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Do I Really Need an Antibiotic?

Do your stuffed-up nose, headache and sore throat have you down for the count? 

When you’re sick, chances are you want relief — and ASAP. You’re not sure what it is, but your go-to zinc, elderberry and vitamin C don’t seem to be doing the trick, and you’re running out of patience — not to mention, your last box of tissues. 

Your first inclination may be to get an antibiotic prescription from your health care provider, but in some cases, antibiotics may not be the answer. Antibiotics treat bacterial infections and won’t help you if your illness is due to a virus. 

“Antibiotics are powerful medications that have saved countless lives over the past century, but many people rely too heavily on them when they aren’t necessary,” said Gina Montion, MD, a pediatrician with Banner Health Center in Phoenix, AZ.  

Why is this a problem? Because it’s led to a surge in antibiotic-resistant bacteria. 

Before you ask your provider for a prescription (or before they prescribe you one), learn why antibiotic-resistant infections are so scary and antibiotics may or may not help you the next time you feel crummy. 

The rise of drug-resistant bacteria 

According to the Centers for Disease Control and Prevention (CDC), nearly one-third of antibiotics prescribed in the U.S. aren’t appropriate for the conditions being treated. 

It may seem harmless to take an antibiotic, but the overuse of these medications causes them to be less effective, even if you only take them rarely. “This could be a big problem if you develop a life-threatening infection from a bacterium that has grown resistant to all the antibiotics available.” 

Bacteria are smart and have evolved to survive future antibiotic use. This is even true if you don’t use it for its intended purpose, like for a viral infection.  

“The antibiotic won’t cure the viral infection, but it will attack bacteria that weren’t causing you harm, and the bacteria will adapt to avoid future attacks,” Dr. Montion said.

To help combat antibiotic resistance, health care professionals are taking several steps to protect patients from drug-resistant infections, including:

  • prescribing antibiotics only when they are needed 
  • using the right antibiotic, at the right dosage and for the right duration
  • educating patients on the risks associated with the antibiotics they’re taking
  • encourage patients to discard any leftover medication after completing their prescribed treatment course

What can antibiotics treat?

Antibiotics treat bacterial infections only. “They work against bacteria, like streptococcus or staphylococcus, by either killing them or preventing their replication,” Dr. Montion said.

Antibiotics should be taken when prescribed by a provider for certain bacterial infections that aren’t likely to resolve on their own.

Examples of bacterial infections include:

What can’t antibiotics help treat?

Antibiotics don’t work on sicknesses caused by virus germs, also known as viral infections. Unfortunately, most viral infections, like the common cold and flu, just have to run their course, which could take two to four weeks. 

Examples of viral infections include:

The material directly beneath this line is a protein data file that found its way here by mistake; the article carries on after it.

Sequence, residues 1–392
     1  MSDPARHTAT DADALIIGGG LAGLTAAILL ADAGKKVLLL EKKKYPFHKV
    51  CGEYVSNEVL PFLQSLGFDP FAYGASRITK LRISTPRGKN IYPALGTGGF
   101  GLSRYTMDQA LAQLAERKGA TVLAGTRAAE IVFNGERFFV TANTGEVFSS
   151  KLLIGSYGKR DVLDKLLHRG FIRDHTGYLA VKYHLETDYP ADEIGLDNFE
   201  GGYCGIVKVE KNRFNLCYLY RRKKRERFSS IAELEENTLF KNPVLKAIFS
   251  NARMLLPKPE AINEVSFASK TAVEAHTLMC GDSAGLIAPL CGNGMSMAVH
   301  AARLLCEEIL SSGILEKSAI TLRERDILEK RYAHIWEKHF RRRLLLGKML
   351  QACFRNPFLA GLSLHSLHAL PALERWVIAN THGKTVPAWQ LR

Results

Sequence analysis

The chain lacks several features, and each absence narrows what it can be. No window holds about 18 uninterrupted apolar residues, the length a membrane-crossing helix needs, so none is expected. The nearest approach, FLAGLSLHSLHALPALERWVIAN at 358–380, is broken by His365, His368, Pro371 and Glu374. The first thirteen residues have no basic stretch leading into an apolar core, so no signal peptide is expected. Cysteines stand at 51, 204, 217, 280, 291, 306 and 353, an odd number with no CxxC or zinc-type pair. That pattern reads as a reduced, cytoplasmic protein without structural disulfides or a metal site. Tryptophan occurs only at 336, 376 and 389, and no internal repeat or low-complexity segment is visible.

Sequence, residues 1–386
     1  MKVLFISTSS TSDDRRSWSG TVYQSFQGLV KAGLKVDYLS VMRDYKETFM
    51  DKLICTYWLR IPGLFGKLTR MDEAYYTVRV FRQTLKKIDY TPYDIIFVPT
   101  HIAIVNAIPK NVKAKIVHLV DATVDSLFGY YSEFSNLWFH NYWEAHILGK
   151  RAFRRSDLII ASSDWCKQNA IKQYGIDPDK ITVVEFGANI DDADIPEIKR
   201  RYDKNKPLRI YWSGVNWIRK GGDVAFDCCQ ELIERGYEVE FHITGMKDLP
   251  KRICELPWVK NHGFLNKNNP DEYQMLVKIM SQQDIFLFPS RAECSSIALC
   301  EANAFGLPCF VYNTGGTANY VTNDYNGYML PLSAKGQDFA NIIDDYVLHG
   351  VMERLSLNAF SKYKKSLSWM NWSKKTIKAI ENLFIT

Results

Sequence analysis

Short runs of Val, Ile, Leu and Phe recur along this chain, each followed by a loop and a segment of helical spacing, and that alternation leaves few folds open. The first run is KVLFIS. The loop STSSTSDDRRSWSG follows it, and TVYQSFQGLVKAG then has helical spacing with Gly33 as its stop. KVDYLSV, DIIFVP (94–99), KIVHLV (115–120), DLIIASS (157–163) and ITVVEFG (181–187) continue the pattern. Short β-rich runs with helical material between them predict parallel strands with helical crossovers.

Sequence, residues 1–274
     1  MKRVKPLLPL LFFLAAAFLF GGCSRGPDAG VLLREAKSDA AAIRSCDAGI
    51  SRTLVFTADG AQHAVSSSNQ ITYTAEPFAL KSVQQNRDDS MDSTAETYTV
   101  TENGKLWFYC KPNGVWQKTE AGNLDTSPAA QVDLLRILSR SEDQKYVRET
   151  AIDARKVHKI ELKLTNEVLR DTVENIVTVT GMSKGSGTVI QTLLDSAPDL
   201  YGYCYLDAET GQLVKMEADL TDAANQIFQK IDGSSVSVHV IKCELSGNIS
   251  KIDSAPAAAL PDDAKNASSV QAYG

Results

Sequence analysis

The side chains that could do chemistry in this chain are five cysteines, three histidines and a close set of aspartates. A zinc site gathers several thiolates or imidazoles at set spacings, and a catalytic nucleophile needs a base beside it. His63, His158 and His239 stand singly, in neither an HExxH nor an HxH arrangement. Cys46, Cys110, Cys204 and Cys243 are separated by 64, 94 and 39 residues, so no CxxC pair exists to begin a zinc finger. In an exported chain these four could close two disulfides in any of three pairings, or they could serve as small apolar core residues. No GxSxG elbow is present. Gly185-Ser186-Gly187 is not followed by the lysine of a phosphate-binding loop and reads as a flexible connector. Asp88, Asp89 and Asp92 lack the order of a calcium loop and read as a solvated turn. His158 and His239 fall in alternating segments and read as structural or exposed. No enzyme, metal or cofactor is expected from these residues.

“Keep in mind that most coughs can last up to 18 days after an upper respiratory infection, so you’ll need to be patient,” Dr. Montion said. “Coughs don’t require antibiotics, and this is hard for some people who want instant gratification.”

Viruses, like COVID-19, HIV, and flu, aren’t treated by antibiotics but may sometimes be treated by antiviral medications. Antiviral medications can help ease symptoms and shorten the length of a viral infection. 

What are the possible side effects of antibiotic use?

Antibiotics can have mild to life-threatening side effects, such as diarrhea, rashes and allergic reactions. According to the CDC, adverse reactions to antibiotics are responsible for 1 in 5 medication-related emergency room visits. 

“Many think antibiotics are no big deal, but in reality, these side effects can happen to anyone — even if they’ve tolerated the antibiotics before,” Dr. Montion said. “One of the most common is diarrhea since not only do the antibiotics kill the infection but they also kill good bacteria that live in your gut.”

Your digestion and mood could be affected since 90% of our happy hormone, serotonin, is from our gut and removing the microbiome, or good gut bacteria, can lead to diarrhea, cramping and gas. In the worst cases, long-term use can even lead to C diff, a severe infection that causes colitis, or inflammation of the colon.

When should you schedule an appointment?

If your symptoms start to get better on their own, or with relief from over-the-counter medications after a week, there’s a good chance it’s viral. However, if your symptoms continue for 10 days or get worse after initially improving, there may be bacteria involved that could require a prescription. 

“Seek immediate attention if you’re having trouble breathing or are in severe pain,” Dr. Montion said. 

Bottom line

Antibiotics should only be used to treat bacterial infections and won’t help treat viral infections. Taking antibiotics when they aren’t necessary can lead to antibiotic resistance as well as possible side effects.

You shouldn’t fear antibiotics, but we do need to use them responsibly to ensure they continue working when we need them in the future. 

To find a Banner Health specialist near you, visit bannerhealth.com. 

Related articles:

Resfrío y gripe Atención primaria Bienestar Enfermedades infecciosas

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